Amid the onslaught of recent political news, it’s possible that you’ve failed to keep current on the most consequential election in local third grade history.
Who, the political pundits wonder, will be the next class president?
My son, a candidate himself, recently informed me that he faced a crowded field: Seven of his 10 classmates are running against him.
“So ... you have eight candidates and two voters?” I asked.
“Technically 10 voters,” he clarified, “but only two undecideds ...”
I nodded; that math checked out. “So how do you plan to win them over? Promises of candy in the cafeteria? Soda flowing freely from the water fountains?”
“Of course not,” he said. “With promises that big I’d never get reelected!”
How quaint, I thought. A politician committed to keeping promises ...
For hours on November 6 — while much of the country remained glued to their preferred news network for the latest vote count in Pennsylvania — my son agonized over his campaign speech. In the background, TV commentators speculated on and on about margins, and turnout, and my wife and I took the bait: adding to the speculation with our own analyses.
We didn’t realize just how closely our son was listening until he shared his speech with us.
A speech which, with his permission, I have reprinted below “in full” and without correction:
“Hello,” it began. “I am running for President and if you alect me everyone in the community will be important not just the popular kids. All of us. and I will make sure no one in the class is picked on or bullyd.”
It continued: “you don’t have to support me but every vote counts. I will also make sure people will wear their masks. Thank you.”
We listened, dumbfounded. In 50 or so words (most of them spelled correctly), he’d managed a level of maturity and inclusion that has been hard to come by in recent years. I’m not pointing fingers at any one politician. The erosion of our national politics, like the erosion of anything, requires sustained friction and pressure over time.
“Well?” our son asked, awaiting feedback. “What did ya think?”
“I fear you may have a future in politics,” I sighed.
My son’s interest in public service began the previous June. One afternoon, as pandemic cases rose and summer plans shrank, he penned a letter to then-former-Vice President Joe Biden. In it, my son asked how he could help change the world. (He also offered to provide some “hot tips” on how to win the elementary school vote, but only if Joe called before his 8:30 bedtime.)
Four months later, just weeks before the election, he received his reply.
“Thank you so much for taking the time to share your thoughts with me,” Joe Biden’s letter began. “I love hearing from bright young people like you with an interest in politics and a desire to solve some of the issues we face. Your clear passion motivates me to work even harder to overcome the challenges before us.”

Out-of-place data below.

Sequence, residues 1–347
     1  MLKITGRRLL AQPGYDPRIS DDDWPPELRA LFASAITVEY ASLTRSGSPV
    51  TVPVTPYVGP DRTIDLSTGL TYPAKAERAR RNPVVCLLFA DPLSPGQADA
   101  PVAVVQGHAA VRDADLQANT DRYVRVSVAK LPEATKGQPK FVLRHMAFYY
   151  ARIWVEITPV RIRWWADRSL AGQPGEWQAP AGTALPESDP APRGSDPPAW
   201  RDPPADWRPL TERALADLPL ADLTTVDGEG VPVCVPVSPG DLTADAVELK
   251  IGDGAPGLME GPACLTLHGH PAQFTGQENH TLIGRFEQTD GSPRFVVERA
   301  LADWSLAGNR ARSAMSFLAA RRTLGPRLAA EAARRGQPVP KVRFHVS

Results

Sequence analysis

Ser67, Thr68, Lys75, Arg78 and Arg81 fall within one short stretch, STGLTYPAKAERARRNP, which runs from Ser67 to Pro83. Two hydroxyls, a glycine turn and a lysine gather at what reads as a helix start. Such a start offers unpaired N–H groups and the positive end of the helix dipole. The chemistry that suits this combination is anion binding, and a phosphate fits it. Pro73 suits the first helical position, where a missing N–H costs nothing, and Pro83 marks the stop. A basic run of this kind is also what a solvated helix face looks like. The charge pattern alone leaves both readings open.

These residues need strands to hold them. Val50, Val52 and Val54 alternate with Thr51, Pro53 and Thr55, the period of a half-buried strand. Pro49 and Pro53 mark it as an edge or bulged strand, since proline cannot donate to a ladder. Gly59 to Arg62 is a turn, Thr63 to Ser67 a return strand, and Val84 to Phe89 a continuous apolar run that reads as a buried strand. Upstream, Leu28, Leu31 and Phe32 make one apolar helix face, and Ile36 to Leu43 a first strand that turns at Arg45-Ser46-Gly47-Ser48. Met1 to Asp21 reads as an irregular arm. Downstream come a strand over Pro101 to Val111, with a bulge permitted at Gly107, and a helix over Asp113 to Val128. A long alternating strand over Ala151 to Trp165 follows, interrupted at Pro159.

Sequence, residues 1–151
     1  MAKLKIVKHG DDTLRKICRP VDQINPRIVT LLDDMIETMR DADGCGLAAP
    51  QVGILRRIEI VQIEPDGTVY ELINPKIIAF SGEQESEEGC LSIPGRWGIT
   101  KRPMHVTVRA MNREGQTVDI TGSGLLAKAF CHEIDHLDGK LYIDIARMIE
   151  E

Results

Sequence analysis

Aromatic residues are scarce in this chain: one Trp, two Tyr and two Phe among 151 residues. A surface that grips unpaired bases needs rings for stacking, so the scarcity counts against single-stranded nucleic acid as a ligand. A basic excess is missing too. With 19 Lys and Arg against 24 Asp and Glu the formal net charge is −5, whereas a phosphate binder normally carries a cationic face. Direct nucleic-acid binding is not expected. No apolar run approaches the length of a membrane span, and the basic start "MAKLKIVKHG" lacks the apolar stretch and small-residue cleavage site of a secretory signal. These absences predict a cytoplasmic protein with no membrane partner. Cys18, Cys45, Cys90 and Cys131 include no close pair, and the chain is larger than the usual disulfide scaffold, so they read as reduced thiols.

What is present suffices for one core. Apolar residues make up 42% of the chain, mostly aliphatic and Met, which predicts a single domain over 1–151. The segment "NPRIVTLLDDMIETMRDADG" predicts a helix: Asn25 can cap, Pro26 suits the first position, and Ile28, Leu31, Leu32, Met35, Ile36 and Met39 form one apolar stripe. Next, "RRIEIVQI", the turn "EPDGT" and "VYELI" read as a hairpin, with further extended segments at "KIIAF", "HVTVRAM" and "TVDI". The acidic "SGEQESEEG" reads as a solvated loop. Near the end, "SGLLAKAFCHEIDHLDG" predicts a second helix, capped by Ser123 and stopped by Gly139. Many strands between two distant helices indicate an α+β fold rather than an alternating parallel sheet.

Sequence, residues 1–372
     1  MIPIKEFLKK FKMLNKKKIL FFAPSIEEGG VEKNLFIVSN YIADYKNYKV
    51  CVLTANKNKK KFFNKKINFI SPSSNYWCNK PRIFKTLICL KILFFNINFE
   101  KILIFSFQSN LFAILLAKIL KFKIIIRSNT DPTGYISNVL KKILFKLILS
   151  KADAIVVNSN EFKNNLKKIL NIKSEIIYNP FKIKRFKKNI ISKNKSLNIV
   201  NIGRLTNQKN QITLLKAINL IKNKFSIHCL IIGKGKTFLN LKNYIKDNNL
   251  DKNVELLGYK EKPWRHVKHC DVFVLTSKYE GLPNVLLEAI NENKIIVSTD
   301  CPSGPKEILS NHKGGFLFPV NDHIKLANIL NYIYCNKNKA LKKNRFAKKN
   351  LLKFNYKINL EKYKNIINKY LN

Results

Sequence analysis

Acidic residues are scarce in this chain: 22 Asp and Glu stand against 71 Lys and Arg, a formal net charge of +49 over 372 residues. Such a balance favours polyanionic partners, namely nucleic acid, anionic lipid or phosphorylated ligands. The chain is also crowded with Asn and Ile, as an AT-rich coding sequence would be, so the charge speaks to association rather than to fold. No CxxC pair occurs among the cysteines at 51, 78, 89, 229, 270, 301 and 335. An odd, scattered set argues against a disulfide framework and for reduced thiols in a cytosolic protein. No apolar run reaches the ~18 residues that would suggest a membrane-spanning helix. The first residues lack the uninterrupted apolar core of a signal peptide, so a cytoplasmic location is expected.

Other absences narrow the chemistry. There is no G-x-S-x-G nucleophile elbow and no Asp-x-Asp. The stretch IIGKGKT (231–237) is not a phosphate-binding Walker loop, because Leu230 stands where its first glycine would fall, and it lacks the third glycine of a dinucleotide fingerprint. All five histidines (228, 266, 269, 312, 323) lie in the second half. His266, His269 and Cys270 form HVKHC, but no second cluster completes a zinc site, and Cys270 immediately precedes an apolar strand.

The letter urged my son to “never surrender your energy, creativity, or fearlessness.”
It closed by thanking him for his kind words and wishing him a bright future.
Standing in the living room, my son turned toward me, a confused look on his face.
“Wait ... so he wrote back?”
“It appears so,” I said.
We were both a little baffled.
That a presidential candidate — in the homestretch of an election, no less — would take a few minutes to respond to an 8-year-old’s letter seemed — how shall I put this? — like a pretty poor use of his time.
Weren’t there undecided voters to sway?
Fundraising deadlines to meet?
My son — not yet of voting age, and with a half-filled piggy bank at best — hardly demanded such personal attention. Yet he received it: four paragraphs, a couple hundred words, and a blue inked personal signature.
Is it possible it was a form letter? Probably. Yet the letter writer (whomever they were) had taken a moment to include my son’s name no fewer than three times. It felt personal, even if it wasn’t — especially to an 8-year-old.
Read my lips: I do not use my writing platform to make political endorsements. Which is why I chose to withhold this story until all the votes had been cast. In a perfect world, rather than tell you about my beliefs, I’d dedicate more time listening to yours. And if we differed, well, perhaps we’d be one chat closer to common ground.
I don’t have the polling to prove it, but I like to think America’s best days still lie ahead of us. Especially if the local third grade election is to be believed. If my son’s “political adversaries” are half as thoughtful and generous as he is, he’s in for a tough race. And I know these kids, and they are.
Mornings, when I drop my own children off at school, every last student on the schoolyard is masked and mindful of distance. No one complains. They are happy to do it, they tell me, if it means keeping their teachers safe.
In 1984, a hope-filled President Ronald Reagan famously declared, “It’s morning again in America.” It certainly was for some. But today, thanks to the next generation, perhaps it might be morning again for us all.
Though the Constitution is clear that presidential candidates must be 35 years old, I’m not sure we can wait that long. Our future leaders are ready to assume the oath of office today.
Right after their spelling tests.